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Braking Systems in Today’s Cars

You might not have realised it before, but there are a number of different braking technologies incorporated into today’s latest range of cars. They might fly under the radar, if anything, but all those acronyms are more than just an abbreviation, they are a life-saving invention designed to look after your safety. So, what are the different types of braking technology?

 

The Pioneering Systems

One of the early systems introduced into cars was ABS. This was something that the industry latched onto and proudly trumpeted. ABS is Anti-lock Braking System.

Before ABS arrived there were two kinds of braking styles. Most of the time it was hard on the brake pedal and look out for black smoky trails. Or there was the canny driver that would “feather” the pedal and raise and lower the braking foot to not lock up the brakes.

ABS does the same thing as the second technique, albeit faster than we could ever hope to achieve. Computer controlled sensors will have the brake pads grip and release the brake discs, slowing forward progress but not stopping the whole wheel from rotating or locking up. This increases your control over the car’s handling.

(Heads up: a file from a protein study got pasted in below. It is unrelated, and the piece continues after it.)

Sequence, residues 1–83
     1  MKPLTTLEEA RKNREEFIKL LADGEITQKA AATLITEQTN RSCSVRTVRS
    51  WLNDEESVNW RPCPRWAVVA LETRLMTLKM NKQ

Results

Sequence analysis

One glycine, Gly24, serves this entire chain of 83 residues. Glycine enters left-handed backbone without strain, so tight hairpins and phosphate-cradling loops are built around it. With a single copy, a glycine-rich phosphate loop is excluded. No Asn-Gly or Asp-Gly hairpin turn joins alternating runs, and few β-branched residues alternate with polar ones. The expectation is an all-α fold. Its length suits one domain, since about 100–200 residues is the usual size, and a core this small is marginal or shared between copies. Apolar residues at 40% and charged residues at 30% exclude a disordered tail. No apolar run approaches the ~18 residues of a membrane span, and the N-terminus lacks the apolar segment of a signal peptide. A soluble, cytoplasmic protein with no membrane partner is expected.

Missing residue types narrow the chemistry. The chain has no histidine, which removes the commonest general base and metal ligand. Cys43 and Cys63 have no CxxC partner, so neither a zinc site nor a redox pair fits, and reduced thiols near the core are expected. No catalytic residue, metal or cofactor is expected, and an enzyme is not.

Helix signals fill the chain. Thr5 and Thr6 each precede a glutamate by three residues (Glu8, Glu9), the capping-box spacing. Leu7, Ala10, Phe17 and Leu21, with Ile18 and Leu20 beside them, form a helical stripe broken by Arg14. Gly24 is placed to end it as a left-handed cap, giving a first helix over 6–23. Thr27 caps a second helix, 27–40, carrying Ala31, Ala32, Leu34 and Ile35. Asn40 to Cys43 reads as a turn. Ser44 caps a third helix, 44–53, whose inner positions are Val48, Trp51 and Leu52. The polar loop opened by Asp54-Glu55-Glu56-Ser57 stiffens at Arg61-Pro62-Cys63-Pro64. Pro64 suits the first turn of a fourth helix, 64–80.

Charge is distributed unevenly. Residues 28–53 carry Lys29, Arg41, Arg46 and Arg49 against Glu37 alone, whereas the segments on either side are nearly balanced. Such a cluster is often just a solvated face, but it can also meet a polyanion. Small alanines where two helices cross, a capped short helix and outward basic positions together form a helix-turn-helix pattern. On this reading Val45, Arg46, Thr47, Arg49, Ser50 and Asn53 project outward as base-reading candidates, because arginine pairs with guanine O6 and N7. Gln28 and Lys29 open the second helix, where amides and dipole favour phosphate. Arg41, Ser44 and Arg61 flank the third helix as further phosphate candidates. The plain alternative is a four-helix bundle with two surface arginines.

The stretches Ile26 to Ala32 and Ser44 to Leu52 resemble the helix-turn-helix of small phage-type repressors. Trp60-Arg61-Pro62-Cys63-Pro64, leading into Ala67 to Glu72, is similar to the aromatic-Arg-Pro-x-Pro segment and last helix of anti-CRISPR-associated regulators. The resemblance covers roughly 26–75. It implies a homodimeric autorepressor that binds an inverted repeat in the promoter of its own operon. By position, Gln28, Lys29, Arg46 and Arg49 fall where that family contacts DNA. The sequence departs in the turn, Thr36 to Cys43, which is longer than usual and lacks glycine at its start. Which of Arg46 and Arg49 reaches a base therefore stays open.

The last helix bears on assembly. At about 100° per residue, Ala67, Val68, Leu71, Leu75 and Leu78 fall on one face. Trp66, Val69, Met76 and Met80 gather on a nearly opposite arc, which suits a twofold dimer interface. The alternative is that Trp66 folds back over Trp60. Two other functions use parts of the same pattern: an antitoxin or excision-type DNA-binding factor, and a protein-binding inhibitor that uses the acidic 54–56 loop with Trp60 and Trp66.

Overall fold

Early versions of ABS had all four wheels controlled by one or two sensors, however, it’s pretty standard now that each wheel’s brake is controlled independently.

Meanwhile, TC refers to Traction Control. A long time ago, when manual gearboxs, thirsty engines, and a heavy right foot would combine to perform a “burnout”, where the grip or traction of a tyre became less than the intended design, they’d spin and the heat would warm the rubber to a point where the tyre would begin to smoke.

Traction Control stops this from happening. Whether it’s intentional, or in the case of either climbing a wet bitumen road, or turning a sharp corner at slow speed then accelerating, a computer sensor steps in and reduces power momentarily to reduce the lack of traction.

 

 

The Modern-Day Systems

ESP/VSC is Electronic Stability Program or Vehicle Stability Control. It is also referred to as DSC (Dynamic Stability Control) or ESC (Electronic Stability Control).

In essence, each of these systems do the same thing. They combine with Traction Control and rely on electronic sensors to measure wheel rotation speed, the direction of travel of the vehicle, the angle of the vehicle, and if a pre-programmed point of no return might be reached. At this point, the stability program will apply brakes to the wheel, or wheels it deems require assistance.

This can be done without the driver being aware. On a wet and greasy road the system may quietly work in the background. By gently applying braking force, the system helps the car stay on a straighter, tighter, driving line.

EBD, or Electronic Brake Distribution, is a form of brake technology that automatically varies the amount of force applied to each of a vehicle’s wheels, based on road conditions, speed, and loading. It works hand-in-hand with ABS.

Finally, there’s BA, or Brake Assist. It provides extra braking pressure if the car’s onboard computers think it’s required. In today’s cars, this tends to be partnered with a forward-looking sensor setup and cruise control.

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